Abr 5, 2022, 1:50 pm

I finished the first long novella at the start of Flight from Nevèrÿon, and although I enjoyed it (very much in keeping with the previous volumes of the series), I'm setting it aside in order to pivot to The Price You Pay which was just delivered by the hold fairy.

Abr 6, 2022, 9:50 am

>22 Karlstar: I didn't enjoy The Name of the Wind, either. I probably would have loved it if I'd read it when I was 15. As a well-read adult, it didn't work for me.

Abr 6, 2022, 10:00 am

I'm currently reading The Last Watch by J.S. Dewes. I'm grimly plodding my way to the end, but I am finding it frustrating. It is supposed to be set within a military organization, and I'm pretty sure the author wants the reader to believe the commander is hyper-competent, but I'm mostly just incredibly frustrated how incompetently run the entire operation is. The commander has no idea how to manage--to communicate and delegate and plan. This story would have worked better within the context of a very small crew instead of a military installation with hundreds of personnel who never do anything but make trouble while the commander is personally doing everything herself.

Abr 6, 2022, 2:42 pm

Well, I tore through The Price You Pay and posted my review already. It's not sfnal in any significant way, but I sought it out because of my admiration for Gnomon.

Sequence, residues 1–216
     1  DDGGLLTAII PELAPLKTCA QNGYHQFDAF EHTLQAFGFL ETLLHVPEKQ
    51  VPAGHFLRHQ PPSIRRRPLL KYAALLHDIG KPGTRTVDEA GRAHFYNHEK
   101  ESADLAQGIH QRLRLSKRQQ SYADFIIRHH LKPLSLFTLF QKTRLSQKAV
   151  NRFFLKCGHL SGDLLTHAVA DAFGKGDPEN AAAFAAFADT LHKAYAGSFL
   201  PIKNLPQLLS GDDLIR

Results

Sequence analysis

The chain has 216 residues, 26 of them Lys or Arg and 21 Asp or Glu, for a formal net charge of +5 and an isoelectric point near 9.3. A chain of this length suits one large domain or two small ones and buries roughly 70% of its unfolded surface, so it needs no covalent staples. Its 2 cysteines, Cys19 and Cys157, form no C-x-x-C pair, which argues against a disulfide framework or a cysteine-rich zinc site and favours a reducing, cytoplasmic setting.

Abr 6, 2022, 6:23 pm

I've now finished Ken MacLeod's Descent, which he dedicated to Ian Banks and reads a lot like one of his "non-M" novels, though it is solidly SF. Now made a start on a second-hand discovery I made a few weeks ago, with an author probably now mainly forgotten - Rick Raphael's collection of short stories, The Thirst Quenchers.

Abr 6, 2022, 7:55 pm

>29 RobertDay:

I liked Descent. My efforts to press it on my Other Reader met with failure, even though she's very interested in ufology.

Editado: Abr 6, 2022, 11:48 pm

I finally got around to summarising my reaction to Iain M Banks's The State Of The Art, which I read primarily for the Culture content, and ironically for an essay that wasn't in my edition.

I'll review the essays separately. Normally I wouldn't, as typically they're not considered part of the Culture series itself. But my read-through of the Culture novels is driven by my curiosity about the prescriptive norms embedded in the story, and Banks addresses a good many of these more explicitly in these essays than in the novels themselves. If nothing else, I want a ready reference on what I find there.

Editado: Abr 7, 2022, 1:19 am

>29 RobertDay: I had the Panther edition in my library for many years... I now have the Gutenberg edition of the novelette; I can't remember what were the other stories...

ETA Just been through the editions and separated the anthology from the novelette. There's 6 unknown editions left over - no ISBN and no cover - which I've combined into a single unknown edition. I see also the same thing probably needs to be done with Code Three...